Rogers Economics specializes in analysis and exhibits for high income cases. Rogers Economics has provided expert support for both custodial and noncustodial parents in high income cases. Recent appellate opinion has made high income deviations more difficult to obtain in Georgia, requiring specific steps for the deviation.  Other states have similar requirements for high income cases.  Detailed analysis for such cases make awards more compelling.


Rogers has testified in high income cases for clients or other parent in a wide range of industries.  These include Major League Baseball, National Football League, National Basketball League, Wall Street, NASCAR, former White House executive, industrialists, and physicians among others.


v Child support guidelines for high income situations vary by state.  Some state statutes favor custodial parents and some state statutes favor noncustodial parents.


v In some states, there is no upper bound to the presumptive award.  That is, the guideline formula continues to be applied to income no matter how high the income is.  Such states include California, Florida, Indiana, Tennessee, and West Virginia among others.  Noncustodial parents with high income may feel that the presumptive child support award goes far beyond what is spent on the child—even for a high income standard of living.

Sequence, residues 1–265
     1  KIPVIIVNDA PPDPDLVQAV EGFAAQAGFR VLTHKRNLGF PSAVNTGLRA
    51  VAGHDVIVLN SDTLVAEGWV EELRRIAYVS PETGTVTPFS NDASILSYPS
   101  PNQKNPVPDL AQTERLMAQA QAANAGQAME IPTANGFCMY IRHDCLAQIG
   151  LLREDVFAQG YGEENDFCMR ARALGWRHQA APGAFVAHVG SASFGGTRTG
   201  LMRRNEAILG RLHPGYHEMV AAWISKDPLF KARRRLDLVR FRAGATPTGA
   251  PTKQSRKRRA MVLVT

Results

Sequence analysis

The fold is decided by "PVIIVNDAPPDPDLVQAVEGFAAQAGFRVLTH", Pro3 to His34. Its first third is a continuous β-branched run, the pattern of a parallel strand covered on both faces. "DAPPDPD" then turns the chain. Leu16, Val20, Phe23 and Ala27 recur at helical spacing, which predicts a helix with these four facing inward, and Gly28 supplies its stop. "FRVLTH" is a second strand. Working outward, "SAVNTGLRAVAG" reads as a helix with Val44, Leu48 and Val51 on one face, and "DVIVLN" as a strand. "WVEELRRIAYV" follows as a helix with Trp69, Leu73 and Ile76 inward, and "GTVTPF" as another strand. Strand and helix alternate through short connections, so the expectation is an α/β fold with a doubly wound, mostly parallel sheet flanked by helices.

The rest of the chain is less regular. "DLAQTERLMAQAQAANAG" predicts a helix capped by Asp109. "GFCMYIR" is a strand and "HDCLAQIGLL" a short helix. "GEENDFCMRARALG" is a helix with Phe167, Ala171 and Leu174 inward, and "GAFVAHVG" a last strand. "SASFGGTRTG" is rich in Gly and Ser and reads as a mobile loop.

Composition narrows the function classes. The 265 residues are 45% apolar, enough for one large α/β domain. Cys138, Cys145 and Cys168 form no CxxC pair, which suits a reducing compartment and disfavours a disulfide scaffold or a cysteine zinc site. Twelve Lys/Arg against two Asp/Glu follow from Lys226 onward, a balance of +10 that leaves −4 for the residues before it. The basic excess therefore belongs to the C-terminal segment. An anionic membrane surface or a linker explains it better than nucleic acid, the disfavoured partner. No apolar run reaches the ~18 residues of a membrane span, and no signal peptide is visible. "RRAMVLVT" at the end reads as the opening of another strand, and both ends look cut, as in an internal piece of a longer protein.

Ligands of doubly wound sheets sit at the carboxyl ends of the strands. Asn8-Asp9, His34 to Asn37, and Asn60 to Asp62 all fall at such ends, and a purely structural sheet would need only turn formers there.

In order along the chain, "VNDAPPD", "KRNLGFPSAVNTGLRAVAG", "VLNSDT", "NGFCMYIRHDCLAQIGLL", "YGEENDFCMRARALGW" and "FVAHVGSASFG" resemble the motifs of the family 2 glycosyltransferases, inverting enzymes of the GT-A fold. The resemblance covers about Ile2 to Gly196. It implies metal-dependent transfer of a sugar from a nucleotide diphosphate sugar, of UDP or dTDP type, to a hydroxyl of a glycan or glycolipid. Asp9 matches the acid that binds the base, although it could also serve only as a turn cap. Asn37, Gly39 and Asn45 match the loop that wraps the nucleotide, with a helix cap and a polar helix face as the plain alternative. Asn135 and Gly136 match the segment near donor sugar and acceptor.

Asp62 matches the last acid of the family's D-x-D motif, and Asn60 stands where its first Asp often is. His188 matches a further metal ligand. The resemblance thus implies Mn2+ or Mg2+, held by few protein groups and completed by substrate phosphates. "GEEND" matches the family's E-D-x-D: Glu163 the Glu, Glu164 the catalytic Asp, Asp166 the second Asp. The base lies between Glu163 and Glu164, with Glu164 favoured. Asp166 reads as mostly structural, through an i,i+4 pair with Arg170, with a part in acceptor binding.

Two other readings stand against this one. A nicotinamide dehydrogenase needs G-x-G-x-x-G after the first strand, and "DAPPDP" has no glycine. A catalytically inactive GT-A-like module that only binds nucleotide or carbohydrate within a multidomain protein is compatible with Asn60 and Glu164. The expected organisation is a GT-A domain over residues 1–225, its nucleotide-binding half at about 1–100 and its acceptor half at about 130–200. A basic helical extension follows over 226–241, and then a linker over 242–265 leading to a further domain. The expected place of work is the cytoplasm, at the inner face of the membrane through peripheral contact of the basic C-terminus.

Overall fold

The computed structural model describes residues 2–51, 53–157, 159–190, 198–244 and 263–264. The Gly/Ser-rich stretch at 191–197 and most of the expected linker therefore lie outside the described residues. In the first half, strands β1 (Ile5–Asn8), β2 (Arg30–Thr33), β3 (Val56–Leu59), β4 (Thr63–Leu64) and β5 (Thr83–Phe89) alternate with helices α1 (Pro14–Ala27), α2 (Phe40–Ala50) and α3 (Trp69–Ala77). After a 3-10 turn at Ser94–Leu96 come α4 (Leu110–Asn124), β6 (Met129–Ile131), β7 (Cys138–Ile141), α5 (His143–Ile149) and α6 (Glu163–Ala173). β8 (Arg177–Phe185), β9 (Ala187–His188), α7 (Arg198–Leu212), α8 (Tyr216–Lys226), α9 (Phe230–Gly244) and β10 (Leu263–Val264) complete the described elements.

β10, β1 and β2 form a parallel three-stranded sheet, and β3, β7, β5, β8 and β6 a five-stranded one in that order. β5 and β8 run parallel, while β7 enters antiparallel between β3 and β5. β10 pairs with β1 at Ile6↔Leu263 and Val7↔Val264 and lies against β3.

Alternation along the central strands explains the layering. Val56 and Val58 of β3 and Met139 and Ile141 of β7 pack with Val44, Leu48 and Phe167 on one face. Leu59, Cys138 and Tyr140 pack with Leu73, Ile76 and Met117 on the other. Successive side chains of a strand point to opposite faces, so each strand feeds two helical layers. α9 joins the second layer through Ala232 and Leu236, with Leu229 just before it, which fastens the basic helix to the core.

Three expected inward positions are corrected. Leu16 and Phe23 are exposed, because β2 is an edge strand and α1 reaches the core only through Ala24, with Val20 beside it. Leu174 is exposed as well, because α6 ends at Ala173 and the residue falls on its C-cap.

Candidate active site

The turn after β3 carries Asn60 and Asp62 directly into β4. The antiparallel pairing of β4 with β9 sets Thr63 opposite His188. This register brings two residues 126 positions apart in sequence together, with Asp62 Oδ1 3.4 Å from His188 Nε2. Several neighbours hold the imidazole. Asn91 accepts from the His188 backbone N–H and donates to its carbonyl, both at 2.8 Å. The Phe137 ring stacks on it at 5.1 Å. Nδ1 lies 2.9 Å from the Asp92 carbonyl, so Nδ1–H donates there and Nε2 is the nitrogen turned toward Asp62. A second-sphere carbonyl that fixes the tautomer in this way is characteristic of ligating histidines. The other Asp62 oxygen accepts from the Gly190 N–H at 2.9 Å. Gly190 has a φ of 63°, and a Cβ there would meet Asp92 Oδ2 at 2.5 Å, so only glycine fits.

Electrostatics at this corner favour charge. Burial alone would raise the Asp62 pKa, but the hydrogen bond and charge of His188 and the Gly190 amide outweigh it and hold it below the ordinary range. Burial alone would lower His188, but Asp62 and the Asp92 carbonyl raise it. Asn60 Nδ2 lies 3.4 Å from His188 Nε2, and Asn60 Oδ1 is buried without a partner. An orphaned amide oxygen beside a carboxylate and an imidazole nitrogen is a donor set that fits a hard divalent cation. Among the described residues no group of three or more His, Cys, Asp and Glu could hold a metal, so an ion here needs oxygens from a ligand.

v In some states, there is a presumptive ceiling on the presumptive child support award.  That is, beyond a certain level of income, higher income does not raise the child support award higher than the ceiling amount.  Such states include Georgia, New Jersey, Texas, Nevada, Washington State and many others.  Most states have ceilings for presumptive awards.  Some custodial parents may feel that the presumptive child support awards are inadequate given what is believed to be an appropriate standard of living for the child, given the high income situation.


v Rogers Economics specializing in bringing economic data into play for court consideration in these types of cases.  Additionally, Mark Rogers has assisted with “budget based” deviation arguments that are case specific and have been compelling in court.


v Even if a state’s child support guidelines favor a particular parent in a high income case, it generally is prudent to anticipate the opposing party presenting a deviation argument for a higher or lower award.  In turn, a client should be prepared to offer a counter deviation award that is reasonable and appropriate despite a state statute’s bias.  Courts often deviate higher in states with presumptive ceilings and often deviate lower in states with no presumptive cap.  The prudent approach is to be ready to assist the court with one’s own analysis of a reasonable and appropriate award.